What Do You Desire?

Desires: Who and What Do You Love?

February Term 2015

Each winter, we take a month to "get on the same page" by combining our adult Sunday discipleship classes and studying an issue that has bearing on how we live our lives as Christ-followers no matter what age or stage of life we find ourselves in.  This year our Winter Term is moving to February (and to the Fellowship Hall) to connect with Corey Widmer's Lenten sermon series on the Seven Deadly Sins and to help us think more deeply about how we are shaped by the culture in which we live. The February Term will culminate with preaching and teaching on March 1st from Calvin College professor and author James K. A. Smith, whose book, Desiring the Kingdom: Worship, Worldview, and Cultural Formation, is helping us frame the conversation about how what we know what we really desire, and how we shape our lives so that we desire the right things.   

Desire, Practice and the Kingdom of God

While it's not an absolute, most of us would recognize and agree with Augustine that we are "desiring agents," or, put another way, that "we are what we love." The things we desire shape how we live and what we live for, and we will order our lives around behaviors and activities that focus on what we desire and how to get it--whether that's wealth, prestige, love, admiration of peers, or some other measure of success.  

But while that seems obvious (if sometimes unsettling), author and professor James K. A Smith suggests that there's another angle on the relationship between desire and action, one that Christians should be especially aware of.  Smith argues that it's not just that our desires shape our actions, but that, on the contrary, many of the ordinary, habitual activities we engage in during our day to day lives actually shape our desires.  These "secular liturgies" (that we often follow without fully realizing it) train us to desire things other than (and sometimes opposed to) the Kingdom of God.

Malls, stadiums, and universities are actually liturgical structures that influence and shape our thoughts and affections.  We may well believe that the values of our culture are wrong, and even speak against them, while being shaped by what we do with our bodies every day--engaging in rituals of consumption, for instance, that actually train our minds and hearts the same way repetitive exercise trains our muscles. 

Dr. Smith's book Desiring the Kingdom explores the theology of culture and outlines the way we easily slip into "being conformed to the world" (that is, are deformed by our practices) in this way, but also explores the way the specific shape of Christian liturgy--the practices of Christian worship from ancient times to today--are a powerful force for proper spiritual formation.  He suggests ways that we may be more attentive to how our culture shapes our desires, and redirects our yearnings to focus on the greatest good: God.    Ultimately, Smith seeks to re-vision education and other key institutions through the process and practice of worship.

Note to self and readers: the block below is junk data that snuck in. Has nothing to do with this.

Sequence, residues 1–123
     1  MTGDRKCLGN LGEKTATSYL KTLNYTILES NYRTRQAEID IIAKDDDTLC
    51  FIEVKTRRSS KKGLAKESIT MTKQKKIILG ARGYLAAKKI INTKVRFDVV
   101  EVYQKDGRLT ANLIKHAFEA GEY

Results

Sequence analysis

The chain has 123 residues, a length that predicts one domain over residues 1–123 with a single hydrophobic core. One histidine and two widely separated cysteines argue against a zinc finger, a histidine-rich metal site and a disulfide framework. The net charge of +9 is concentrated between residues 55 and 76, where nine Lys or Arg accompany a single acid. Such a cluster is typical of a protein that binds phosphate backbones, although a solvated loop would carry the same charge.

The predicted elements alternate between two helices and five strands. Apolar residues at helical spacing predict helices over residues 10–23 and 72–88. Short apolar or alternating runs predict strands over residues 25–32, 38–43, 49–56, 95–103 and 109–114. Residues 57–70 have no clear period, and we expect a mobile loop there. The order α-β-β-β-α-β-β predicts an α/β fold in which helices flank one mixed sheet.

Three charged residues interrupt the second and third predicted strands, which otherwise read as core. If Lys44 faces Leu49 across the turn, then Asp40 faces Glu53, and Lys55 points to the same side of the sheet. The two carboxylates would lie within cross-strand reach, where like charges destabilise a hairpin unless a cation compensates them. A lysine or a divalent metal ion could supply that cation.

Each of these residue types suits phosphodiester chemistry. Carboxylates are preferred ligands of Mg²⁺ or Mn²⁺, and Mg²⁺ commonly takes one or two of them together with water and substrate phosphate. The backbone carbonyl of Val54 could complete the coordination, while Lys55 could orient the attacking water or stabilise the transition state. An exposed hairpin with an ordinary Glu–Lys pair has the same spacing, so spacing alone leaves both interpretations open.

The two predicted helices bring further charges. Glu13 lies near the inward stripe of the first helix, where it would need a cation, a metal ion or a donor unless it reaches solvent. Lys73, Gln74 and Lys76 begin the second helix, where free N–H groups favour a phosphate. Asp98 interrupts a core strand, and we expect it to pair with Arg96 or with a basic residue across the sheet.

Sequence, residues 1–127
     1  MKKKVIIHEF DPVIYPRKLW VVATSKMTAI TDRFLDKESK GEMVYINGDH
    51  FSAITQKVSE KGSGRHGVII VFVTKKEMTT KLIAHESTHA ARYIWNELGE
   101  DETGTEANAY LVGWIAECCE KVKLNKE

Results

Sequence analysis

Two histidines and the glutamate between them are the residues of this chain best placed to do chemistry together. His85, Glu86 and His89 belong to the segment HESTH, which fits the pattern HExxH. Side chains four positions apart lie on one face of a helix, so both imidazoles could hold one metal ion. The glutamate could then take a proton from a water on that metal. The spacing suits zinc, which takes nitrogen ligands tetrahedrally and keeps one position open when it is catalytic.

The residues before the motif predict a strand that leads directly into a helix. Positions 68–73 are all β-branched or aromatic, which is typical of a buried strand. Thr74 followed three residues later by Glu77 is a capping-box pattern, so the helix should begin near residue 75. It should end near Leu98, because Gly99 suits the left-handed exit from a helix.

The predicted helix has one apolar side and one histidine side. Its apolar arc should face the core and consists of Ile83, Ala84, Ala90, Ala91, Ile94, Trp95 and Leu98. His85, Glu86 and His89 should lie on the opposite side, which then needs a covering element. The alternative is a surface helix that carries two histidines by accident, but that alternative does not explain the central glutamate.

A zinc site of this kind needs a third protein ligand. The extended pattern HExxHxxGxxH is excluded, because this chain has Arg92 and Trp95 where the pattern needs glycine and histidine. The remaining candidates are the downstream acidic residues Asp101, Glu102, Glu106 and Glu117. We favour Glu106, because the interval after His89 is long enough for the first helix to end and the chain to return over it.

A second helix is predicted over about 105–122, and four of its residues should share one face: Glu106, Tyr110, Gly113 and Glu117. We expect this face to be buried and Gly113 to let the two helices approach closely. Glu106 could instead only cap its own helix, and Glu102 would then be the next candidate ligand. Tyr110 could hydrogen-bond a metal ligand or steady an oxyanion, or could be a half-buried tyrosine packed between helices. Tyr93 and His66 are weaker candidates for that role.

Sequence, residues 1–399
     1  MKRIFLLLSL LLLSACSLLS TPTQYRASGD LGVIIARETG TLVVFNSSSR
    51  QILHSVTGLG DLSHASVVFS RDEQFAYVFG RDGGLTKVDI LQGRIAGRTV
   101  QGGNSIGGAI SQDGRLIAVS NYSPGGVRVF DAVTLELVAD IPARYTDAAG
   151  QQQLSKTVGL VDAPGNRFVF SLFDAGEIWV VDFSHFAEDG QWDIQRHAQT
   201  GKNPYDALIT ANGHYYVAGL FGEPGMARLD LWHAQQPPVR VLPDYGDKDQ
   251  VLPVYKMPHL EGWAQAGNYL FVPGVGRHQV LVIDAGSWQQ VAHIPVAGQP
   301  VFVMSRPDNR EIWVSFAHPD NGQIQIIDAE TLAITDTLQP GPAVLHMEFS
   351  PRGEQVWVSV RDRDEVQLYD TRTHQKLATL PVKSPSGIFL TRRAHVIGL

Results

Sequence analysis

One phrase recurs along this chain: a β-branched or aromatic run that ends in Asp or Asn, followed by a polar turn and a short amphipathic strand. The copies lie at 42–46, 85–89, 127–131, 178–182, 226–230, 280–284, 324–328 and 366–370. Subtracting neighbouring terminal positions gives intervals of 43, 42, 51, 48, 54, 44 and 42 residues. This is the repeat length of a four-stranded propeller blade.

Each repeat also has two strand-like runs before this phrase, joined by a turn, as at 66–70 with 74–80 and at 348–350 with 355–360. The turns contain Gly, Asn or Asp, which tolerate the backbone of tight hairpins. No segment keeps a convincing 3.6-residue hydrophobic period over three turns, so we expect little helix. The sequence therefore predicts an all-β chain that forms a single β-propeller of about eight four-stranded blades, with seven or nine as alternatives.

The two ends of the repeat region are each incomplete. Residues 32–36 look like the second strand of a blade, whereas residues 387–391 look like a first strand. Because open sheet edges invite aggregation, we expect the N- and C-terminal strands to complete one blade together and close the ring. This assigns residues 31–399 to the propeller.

For the first four weeks of the February Term our speakers will walk us through some of the desires we are being trained to embrace, and suggest patterns of life that we can adopt to re-train ourselves in the footsteps of Christ.  On Sunday March 1st, the last week of the February Term, we'll take a slight turn with Dr. Smith, himself, as our speaker, and talk about the second critical component of a life aimed at the Kingdom of God: an imagination likewise trained on what God tells us is good, true and beautiful.  

Imagining the Kingdom is the the second volume in Smith's series on secular liturgies, and that Sunday morning at Third will be the closing day of a city-wide weekend of events, workshops, and public lectures by Dr. Smith on the role of imagination in worship, the arts, Christian education, and even public affairs in a post-Christian culture.

So plan on joining the whole body and friends of Third as we seek a common vision of and desire for God's Kingdom in our lives, in our city, and throughout the world.  Five Sunday mornings February 1- March 1 at 10:15 AM in the Fellowship Hall.

If you're interested in reading Desiring the Kingdom ahead of or during the February Term, contact Tom Barila for a copy.  For an approachable introduction to Dr. Smith's work, also check out Discipleship in the Present Tense.
Our February Term happens each Sunday Feb. 1-March 1 at 10:15 AM in the Fellowship Hall.

Presenters and Topics for the February Term:

(Click on a title for the audio)

February 1: Corey Widmer

Introducing Desire: How Are We Shaping Our Loves?

February 15: Lisa Ould 

Desiring each other: Relating to reflect the Kingdom

February 22: Randy Raggio

Desiring God: Practices that shape us for Christ

March 1: James K. A. Smith

Imagining The Kingdom

More on Dr. James K. A. Smith

James K.A. Smith is professor of philosophy at Calvin College where he holds the Gary & Henrietta Byker Chair in Applied Reformed Theology & Worldview.  The award-winning author of Who’s Afraid of Postmodernism? and Desiring the Kingdom, his most recent books include Imagining the Kingdom (2013), Discipleship in the Present Tense (2013), Who’s Afraid of Relativism? (2014), and How (Not) To Be Secular: Reading Charles Taylor (2014). His popular writing has appeared in magazines such as Christianity Today, Books & Culture, and First Things and periodicals such as the New York Times, Wall Street Journal, and Detroit Free Press.  He is a Senior Fellow of Cardus and serves as editor of Comment magazine.  Jamie and his wife, Deanna, have four children.

Additional information is available at his website, and you can follow Jamie Smith on Twitter: @james_ka_smith